|Authors: ||G.A. Giacomelli, C. Kubota, M. Jensen|
|Keywords: ||controlled environment, water use, water stress, plant growth|
An overview of the design considerations and the operational characteristics for production of tomato in a greenhouse in a semi-arid region is provided.
The integration of the automation, culture and environment requires an understanding of the production needs of the crop, and the specialized weather conditions of the Arizona climate.
The demand on the plant imposed by the greenhouse climate, including air temperature and humidity, or atmospheric vapor pressure deficit (VPD), leaf temperature, and solar radiation must be balanced with the water availability within the plant root zone, as affected by the electrical conductivity of the nutrient solution and the irrigation frequency.
The crop production system requires that nutrient delivery be automated to provide a consistent availability of nutrient formulation and concentration in proportion to the general daily fluctuating water demand.
An automatic means to determine water demand that will vary the irrigation frequency and the nutrient concentration is important to provide the desired stress for crop production.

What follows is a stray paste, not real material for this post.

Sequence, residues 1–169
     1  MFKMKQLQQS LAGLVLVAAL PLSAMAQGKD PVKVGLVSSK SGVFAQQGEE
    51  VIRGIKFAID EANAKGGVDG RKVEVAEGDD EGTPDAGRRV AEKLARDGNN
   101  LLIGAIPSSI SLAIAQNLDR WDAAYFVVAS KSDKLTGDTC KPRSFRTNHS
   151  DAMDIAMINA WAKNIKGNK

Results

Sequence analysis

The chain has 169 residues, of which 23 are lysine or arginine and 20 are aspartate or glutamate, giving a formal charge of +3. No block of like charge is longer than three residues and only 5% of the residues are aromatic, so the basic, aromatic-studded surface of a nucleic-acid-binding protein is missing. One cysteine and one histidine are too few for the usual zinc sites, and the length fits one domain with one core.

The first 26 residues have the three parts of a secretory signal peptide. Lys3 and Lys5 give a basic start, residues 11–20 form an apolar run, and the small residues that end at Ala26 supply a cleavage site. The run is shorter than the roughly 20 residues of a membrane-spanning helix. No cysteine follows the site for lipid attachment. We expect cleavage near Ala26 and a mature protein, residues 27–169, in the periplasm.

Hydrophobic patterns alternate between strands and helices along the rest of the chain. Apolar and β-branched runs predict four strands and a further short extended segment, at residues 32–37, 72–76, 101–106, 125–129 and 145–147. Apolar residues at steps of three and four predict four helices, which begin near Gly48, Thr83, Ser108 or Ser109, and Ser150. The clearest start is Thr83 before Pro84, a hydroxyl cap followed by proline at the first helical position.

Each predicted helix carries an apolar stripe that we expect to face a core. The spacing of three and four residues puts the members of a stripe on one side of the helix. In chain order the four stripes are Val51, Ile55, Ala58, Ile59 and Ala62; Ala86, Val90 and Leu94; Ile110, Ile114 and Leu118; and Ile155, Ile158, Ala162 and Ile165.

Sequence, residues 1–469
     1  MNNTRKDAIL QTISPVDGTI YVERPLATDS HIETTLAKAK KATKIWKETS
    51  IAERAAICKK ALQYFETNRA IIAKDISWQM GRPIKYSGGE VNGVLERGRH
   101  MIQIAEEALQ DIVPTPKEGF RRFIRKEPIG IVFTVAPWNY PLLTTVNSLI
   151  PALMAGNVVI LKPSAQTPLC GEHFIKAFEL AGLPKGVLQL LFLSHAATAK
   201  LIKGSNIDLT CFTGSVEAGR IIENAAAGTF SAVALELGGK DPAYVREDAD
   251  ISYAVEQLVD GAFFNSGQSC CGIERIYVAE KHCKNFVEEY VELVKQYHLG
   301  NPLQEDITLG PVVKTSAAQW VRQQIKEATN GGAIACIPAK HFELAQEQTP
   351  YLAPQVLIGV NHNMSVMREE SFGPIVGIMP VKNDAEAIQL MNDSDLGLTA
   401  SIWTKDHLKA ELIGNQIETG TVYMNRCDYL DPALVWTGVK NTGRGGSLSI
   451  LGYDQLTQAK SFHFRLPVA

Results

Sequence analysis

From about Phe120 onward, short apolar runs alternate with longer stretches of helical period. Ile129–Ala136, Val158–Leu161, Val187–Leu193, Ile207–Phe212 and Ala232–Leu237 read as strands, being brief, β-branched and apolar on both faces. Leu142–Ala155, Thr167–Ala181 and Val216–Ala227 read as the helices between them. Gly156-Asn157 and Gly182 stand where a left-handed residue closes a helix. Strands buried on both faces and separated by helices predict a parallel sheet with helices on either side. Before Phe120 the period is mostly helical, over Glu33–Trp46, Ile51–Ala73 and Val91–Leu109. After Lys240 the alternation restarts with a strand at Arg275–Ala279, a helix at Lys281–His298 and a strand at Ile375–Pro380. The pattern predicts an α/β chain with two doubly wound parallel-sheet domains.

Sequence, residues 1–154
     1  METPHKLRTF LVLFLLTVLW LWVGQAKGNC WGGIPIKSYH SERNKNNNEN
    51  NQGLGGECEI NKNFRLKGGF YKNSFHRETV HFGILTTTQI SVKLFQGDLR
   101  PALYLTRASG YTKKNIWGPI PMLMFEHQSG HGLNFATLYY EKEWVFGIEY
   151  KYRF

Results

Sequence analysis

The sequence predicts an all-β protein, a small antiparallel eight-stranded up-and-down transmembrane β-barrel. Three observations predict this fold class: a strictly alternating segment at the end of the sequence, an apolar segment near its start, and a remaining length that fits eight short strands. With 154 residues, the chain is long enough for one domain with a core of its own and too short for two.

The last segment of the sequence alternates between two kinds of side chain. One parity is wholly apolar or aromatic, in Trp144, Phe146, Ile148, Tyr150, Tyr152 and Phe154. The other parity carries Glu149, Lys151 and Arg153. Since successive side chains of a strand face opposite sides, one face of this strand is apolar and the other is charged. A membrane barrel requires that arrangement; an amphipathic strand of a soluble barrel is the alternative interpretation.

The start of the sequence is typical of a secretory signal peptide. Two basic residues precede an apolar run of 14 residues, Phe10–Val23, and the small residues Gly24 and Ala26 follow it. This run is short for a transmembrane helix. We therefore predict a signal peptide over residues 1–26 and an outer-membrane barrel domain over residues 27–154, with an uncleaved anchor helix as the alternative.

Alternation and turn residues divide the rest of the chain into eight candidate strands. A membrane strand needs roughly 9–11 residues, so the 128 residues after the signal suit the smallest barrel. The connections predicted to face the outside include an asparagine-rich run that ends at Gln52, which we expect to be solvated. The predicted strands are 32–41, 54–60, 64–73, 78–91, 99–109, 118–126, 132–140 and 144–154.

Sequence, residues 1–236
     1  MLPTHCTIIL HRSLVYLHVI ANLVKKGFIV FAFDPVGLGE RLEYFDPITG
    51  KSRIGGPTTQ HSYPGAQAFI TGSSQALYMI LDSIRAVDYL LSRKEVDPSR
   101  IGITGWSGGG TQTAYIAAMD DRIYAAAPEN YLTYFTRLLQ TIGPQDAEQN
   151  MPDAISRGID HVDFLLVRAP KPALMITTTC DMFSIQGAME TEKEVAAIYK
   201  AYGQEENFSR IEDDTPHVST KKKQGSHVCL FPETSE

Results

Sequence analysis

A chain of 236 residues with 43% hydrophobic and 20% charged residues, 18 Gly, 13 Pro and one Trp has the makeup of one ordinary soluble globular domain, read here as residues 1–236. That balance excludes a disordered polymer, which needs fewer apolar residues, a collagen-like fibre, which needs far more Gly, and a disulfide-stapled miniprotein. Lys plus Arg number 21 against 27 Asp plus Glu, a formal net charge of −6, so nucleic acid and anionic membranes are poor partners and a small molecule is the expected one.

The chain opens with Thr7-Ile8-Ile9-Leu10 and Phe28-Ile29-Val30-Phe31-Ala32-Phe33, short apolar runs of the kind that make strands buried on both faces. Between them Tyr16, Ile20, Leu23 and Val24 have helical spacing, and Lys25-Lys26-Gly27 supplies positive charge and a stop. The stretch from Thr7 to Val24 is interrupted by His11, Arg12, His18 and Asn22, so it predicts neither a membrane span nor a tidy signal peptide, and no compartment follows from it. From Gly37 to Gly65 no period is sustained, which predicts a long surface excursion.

The climate control includes monitoring and feedback mechanisms to firstly, minimize the potentially harsh diurnal fluctuating desert conditions of low air humidity, high solar radiation, and water quality with high salts, and then, to secondly, alter the plant microclimate to match the stage of plant growth and its production condition.
The greenhouse structure should be of sufficient height for buffer volume needed to offset the large daily environmental fluctuations.
The structure system must also offer air exchange capacity, shading, and evaporative cooling to help maintain the desired air temperature and relative humidity for crop production.
Experiences and research studies within each of these areas of production system, climate control and greenhouse structure will be presented, including: production of greenhouse tomatoes within a high-wire, continuous production system; modulating plant vegetative or reproductive tendency with a combination of root zone and aerial microclimates; improving fruit market quality; and greenhouse structure design variations for improved cooling and reduced water utilization.
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